Following my post on the dangers of automation which focused on an experience using Virgin Trains, this second instalment features the well-known budget airline; EasyJet.
Its common practice now for holiday makers to book outbound and return flights with different operators to get the best deal. Airline operators know this, so why do their communications not reflect this?
I’d booked outbound flights to Crete in Greece with one airline and return flights 7 days later with EasyJet, for the simple reason that it was over £200 cheaper.
Always remain relevant
Now the fundamental problem with automation is making sure any communications retain relevance to the recipient by gathering as much information about them as possible in order to maximise the impact.
Ask the right questions
If a customer buys a one way ticket we can make the assumption they have either; bought an outbound/inbound flight with another operator or don’t intend on returning (so probably aren’t holiday makers).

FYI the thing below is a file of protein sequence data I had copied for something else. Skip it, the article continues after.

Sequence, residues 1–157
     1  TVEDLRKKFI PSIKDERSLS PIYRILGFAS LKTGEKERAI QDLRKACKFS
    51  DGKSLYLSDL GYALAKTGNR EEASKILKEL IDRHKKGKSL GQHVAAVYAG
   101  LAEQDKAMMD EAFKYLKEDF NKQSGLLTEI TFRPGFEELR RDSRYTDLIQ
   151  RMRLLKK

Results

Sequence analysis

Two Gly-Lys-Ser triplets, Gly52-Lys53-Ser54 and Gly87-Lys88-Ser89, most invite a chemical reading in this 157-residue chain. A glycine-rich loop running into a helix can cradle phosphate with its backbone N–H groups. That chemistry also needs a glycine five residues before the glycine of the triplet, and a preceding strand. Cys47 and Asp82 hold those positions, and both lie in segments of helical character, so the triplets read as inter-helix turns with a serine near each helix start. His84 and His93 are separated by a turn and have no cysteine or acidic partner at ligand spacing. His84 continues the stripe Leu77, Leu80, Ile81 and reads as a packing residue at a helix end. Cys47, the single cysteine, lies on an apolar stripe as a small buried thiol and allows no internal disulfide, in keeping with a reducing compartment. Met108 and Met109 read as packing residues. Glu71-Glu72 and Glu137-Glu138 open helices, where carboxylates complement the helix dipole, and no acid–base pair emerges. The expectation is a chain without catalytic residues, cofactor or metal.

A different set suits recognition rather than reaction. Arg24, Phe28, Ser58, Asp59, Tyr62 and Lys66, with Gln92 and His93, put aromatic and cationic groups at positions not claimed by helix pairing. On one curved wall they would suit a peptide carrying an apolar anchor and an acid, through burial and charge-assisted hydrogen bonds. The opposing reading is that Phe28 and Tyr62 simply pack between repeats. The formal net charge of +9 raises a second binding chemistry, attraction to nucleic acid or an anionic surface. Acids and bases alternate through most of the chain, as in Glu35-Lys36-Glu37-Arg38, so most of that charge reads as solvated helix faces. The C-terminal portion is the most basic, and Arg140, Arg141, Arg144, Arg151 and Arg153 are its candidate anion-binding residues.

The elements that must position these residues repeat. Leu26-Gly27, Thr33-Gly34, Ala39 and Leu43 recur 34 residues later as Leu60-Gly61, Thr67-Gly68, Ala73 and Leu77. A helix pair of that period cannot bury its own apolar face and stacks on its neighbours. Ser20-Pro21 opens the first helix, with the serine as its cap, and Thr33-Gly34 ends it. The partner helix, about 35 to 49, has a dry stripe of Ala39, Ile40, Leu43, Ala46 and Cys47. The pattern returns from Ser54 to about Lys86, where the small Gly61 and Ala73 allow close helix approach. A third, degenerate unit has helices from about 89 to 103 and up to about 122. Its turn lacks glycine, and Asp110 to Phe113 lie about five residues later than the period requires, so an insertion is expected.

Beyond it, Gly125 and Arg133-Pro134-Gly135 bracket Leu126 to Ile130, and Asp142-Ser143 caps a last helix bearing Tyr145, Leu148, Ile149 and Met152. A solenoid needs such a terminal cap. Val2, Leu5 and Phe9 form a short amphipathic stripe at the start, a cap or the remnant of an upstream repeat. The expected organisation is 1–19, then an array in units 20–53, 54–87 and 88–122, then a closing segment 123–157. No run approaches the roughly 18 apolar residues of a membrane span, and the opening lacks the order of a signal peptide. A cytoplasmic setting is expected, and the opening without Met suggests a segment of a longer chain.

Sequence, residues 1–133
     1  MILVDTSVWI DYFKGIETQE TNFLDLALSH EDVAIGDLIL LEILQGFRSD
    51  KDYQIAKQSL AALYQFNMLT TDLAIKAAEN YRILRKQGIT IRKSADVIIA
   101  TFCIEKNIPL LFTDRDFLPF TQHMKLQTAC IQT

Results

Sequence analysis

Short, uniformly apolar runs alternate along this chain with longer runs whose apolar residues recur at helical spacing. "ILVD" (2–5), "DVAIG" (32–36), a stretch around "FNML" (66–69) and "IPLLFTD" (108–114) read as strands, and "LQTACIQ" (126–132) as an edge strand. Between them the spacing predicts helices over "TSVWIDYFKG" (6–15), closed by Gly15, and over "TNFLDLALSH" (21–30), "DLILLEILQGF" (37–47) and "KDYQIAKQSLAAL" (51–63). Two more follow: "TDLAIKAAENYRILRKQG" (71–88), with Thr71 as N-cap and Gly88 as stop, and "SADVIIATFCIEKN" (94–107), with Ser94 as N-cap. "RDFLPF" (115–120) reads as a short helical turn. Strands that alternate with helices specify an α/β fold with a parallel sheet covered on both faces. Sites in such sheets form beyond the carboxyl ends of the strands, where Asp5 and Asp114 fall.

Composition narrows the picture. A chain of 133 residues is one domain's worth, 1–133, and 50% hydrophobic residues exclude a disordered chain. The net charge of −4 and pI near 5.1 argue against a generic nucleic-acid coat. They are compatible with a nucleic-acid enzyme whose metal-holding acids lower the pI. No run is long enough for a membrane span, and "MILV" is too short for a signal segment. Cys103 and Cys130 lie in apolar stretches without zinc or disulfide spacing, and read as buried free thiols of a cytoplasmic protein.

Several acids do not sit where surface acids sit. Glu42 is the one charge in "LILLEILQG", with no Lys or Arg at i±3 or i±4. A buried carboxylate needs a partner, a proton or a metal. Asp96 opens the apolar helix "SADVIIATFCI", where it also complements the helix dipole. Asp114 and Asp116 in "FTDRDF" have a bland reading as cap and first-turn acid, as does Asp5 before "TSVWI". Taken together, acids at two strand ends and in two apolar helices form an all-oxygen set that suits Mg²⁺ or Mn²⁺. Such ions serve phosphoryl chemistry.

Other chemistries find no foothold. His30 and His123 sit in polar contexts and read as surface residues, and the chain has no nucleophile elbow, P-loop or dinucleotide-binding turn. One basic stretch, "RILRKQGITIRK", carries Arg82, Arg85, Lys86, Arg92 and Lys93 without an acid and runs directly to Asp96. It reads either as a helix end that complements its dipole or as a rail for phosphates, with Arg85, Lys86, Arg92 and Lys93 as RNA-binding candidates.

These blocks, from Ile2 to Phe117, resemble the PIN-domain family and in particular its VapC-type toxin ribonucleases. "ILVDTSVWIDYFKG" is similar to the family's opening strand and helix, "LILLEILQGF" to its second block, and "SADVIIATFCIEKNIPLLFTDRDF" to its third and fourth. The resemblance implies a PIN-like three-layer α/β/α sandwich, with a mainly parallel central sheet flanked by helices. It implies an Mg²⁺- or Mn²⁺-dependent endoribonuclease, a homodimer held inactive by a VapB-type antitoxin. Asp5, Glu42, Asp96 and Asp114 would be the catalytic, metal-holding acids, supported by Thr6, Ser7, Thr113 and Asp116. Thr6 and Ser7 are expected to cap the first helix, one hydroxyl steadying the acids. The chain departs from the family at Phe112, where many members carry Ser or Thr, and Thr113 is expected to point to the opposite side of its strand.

Here is the automated email I received from EasyJet once I’d booked my return flights:
I live in Manchester, and was returning home from holiday, so EasyJet telling me about the great hotel deals in Manchester was totally irrelevant to me, the prices quoted were in euros, and they would have known if I was disabled when booking.
In the same way Virgin Trains could segment their data for same-day return travellers, EasyJet could easily segment their data by asking customers relevant questions about their journey or booking. Their engagement and conversion rates would also look a lot healthier if their messages were more targeted…
How about we share some of our email wizardry with you? Call 0161 743 0980 or email us to discuss your next digital campaign.